NASHVILLE, Tenn. (WKRN) — As a new year gets underway, scammers are gearing up to sneak into your accounts; snag your information; and steal your money, as well as your peace of mind.

Whether these cons involve weight loss, work opportunities, phishing messages, or furry friends, the Better Business Bureau (BBB) has a few tips to help consumers avoid falling for any scams in 2023.

“This is the time of year when we encourage consumers to have a plan in place to avoid being scammed,” said Robyn Householder, the president and CEO of BBB Serving Middle Tennessee and Southern Kentucky. “The one thing we want consumers to remember is never to make a buying decision under pressure. Adhering to this tip can save you hundreds of dollars this year.”

Weight loss scams

If your goal for 2023 is to lose weight, the BBB urges you to beware of any products or free trials promoting fast or miraculous results.

For example, if a product promises you will lose 10 or 20 pounds a week, officials said that should serve as a red flag.

Also, while free trials for weight loss supplements might sound tempting, you need to find out how long the trial lasts and how much you will pay once it’s over.

Employment scams

Plenty of people are seeking a new job for the new year, but make sure you don’t fall victim to an employment scam involving jobs that turn out to be fake.

If a job opportunity requires money from you upfront for job supplies, training fees, and applications, the BBB said it could be a scam.

You should also watch out for small jobs that offer big money.

According to officials, if a potential employer “is promising outrageously good wages for what seems like simple tasks such as reshipping packages, stuffing envelopes, or answering phones,” consider this a red flag.

The BBB said scammers will use these “too-good-to-be-true offers” to try to steal your personal information through fake job applications, which can lead to long-term problems for you.

Phishing scams

According to the BBB, phishing scams and fraudulent messages are designed to grab your attention, as well as your personal information.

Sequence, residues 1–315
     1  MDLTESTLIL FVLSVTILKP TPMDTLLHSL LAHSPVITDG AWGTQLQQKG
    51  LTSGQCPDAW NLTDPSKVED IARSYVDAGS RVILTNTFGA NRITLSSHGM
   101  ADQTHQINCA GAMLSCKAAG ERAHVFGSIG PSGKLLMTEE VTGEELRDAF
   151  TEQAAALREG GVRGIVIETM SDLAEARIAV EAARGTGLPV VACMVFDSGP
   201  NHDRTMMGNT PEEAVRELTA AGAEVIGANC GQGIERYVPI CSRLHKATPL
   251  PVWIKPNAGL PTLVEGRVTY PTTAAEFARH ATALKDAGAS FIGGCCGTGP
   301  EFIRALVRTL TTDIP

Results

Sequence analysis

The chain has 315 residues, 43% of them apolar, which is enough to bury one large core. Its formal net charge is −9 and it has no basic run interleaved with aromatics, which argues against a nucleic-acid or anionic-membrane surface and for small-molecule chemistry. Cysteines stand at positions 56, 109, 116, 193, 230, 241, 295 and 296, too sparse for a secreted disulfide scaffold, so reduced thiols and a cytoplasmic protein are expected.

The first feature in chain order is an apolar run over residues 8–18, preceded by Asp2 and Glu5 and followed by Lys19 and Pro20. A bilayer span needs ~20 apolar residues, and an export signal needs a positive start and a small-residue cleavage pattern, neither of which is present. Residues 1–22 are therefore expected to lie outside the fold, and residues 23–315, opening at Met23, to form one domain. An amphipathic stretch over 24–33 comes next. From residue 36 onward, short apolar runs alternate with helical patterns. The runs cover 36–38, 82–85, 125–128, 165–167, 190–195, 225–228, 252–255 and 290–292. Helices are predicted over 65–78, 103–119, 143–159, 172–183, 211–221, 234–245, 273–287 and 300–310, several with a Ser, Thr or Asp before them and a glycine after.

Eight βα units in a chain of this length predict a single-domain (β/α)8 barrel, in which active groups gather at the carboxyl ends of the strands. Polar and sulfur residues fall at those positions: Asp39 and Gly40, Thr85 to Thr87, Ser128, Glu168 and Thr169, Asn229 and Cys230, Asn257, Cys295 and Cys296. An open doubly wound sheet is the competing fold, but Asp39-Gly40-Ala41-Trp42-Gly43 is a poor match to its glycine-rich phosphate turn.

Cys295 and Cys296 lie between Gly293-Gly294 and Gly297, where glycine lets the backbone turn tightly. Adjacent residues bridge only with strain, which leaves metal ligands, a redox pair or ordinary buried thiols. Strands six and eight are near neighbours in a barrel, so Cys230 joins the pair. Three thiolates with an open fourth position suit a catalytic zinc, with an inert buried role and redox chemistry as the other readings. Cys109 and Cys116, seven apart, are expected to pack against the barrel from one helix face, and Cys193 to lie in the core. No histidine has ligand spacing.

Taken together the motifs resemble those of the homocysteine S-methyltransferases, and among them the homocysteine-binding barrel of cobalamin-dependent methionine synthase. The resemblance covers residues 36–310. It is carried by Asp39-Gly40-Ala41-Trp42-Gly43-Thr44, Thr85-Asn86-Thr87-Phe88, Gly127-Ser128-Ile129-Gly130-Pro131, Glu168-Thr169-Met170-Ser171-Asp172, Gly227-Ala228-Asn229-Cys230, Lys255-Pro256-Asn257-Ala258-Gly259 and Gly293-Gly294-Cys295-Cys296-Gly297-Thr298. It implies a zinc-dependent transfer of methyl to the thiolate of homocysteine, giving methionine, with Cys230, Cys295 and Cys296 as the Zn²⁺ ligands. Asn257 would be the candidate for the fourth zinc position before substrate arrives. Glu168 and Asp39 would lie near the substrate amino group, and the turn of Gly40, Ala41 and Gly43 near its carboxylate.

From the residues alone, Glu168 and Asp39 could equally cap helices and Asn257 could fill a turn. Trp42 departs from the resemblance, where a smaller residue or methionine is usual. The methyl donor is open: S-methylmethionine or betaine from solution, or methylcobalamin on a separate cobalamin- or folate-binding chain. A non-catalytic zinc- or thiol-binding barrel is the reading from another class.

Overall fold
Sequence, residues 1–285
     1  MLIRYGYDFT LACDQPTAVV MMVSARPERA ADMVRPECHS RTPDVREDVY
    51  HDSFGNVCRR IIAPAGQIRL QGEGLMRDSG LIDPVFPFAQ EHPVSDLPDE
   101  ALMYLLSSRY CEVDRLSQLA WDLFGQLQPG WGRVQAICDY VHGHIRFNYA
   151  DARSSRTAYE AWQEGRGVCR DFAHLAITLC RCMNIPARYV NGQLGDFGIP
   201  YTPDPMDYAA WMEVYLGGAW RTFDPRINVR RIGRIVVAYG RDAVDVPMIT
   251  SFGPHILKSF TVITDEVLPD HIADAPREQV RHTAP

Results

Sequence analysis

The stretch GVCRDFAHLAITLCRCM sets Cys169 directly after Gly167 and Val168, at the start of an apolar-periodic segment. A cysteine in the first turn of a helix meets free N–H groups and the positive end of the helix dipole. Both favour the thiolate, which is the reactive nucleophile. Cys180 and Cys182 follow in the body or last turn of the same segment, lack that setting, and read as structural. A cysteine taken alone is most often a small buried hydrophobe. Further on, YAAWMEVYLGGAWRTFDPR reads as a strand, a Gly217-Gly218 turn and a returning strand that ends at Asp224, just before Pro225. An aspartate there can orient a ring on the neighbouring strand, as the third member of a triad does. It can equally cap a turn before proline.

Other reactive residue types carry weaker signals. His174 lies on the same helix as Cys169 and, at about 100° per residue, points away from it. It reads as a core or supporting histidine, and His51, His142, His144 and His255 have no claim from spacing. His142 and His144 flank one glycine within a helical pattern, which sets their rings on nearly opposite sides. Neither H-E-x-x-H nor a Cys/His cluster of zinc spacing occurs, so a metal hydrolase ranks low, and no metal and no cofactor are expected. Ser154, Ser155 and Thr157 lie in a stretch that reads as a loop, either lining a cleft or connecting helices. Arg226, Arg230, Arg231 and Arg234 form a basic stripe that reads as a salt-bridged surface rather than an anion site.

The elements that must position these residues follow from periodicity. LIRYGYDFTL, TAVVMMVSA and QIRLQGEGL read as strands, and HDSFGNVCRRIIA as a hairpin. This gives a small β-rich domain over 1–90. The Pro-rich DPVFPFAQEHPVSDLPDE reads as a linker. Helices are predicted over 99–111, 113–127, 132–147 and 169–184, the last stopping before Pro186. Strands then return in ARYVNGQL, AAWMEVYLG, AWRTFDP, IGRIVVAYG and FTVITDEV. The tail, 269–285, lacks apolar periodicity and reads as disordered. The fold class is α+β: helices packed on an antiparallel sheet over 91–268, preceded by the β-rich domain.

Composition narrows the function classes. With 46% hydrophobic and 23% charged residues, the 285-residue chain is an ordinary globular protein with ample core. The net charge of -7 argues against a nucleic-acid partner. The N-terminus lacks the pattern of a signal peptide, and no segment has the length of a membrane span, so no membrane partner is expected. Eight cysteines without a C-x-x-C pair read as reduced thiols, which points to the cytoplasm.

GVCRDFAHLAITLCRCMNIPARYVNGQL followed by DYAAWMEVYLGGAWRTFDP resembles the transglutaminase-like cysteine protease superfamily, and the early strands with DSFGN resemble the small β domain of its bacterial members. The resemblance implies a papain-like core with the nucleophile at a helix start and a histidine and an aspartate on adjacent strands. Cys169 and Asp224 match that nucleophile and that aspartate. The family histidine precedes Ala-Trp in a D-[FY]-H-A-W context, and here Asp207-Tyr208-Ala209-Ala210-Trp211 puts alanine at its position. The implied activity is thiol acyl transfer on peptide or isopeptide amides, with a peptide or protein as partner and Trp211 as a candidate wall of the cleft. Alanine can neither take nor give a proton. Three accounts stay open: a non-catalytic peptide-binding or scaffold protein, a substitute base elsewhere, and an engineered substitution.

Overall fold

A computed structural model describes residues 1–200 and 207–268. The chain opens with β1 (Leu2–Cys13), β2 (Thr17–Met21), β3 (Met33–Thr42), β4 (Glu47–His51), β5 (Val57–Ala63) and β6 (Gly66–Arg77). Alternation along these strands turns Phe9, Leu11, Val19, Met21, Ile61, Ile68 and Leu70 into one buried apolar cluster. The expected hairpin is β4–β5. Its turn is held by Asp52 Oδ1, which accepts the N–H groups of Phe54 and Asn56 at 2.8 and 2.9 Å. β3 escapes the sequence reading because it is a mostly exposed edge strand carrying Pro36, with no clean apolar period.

Whether it’s a text messages saying you must click a link to verify your account, or an email or call claiming your computer has been infected, officials said those may all be scams.

In order to confirm whether additional information is needed for your account, you should contact the business directly. 

Puppy for sale scams

In the words of the BBB, “Purchasing a puppy is at an all-time high and can be an emotionally charged experience.”

According to officials, consumers are being scammed by online sellers who request money before letting the buyers meet the pet in person. Then, after the payment is made to the seller, the puppy is never shipped or available for pickup.

To avoid being scammed, the BBB recommends following these tips:

  • Arrange an in-person meeting with the prospective seller in order to inspect the pet. Most legitimate breeders will welcome the visit.
  • Never send money via wire transfer to people or companies you don’t know and trust.
  • Find out if there is a listing for the business or the breeder on the BBB’s website.
  • Consider visiting your local animal shelter. After all, many shelters are trying to help relieve animal stress and reduce overcrowding at their facilities by looking for fosters.

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Before doing business with any company, you are encouraged to visit the BBB’s website and do some research. In addition, any suspected fraud should be reported to the BBB’s Scam Tracker, as well as the Federal Trade Commission (FTC) by filing an online complaint or calling 877-FTC-Help.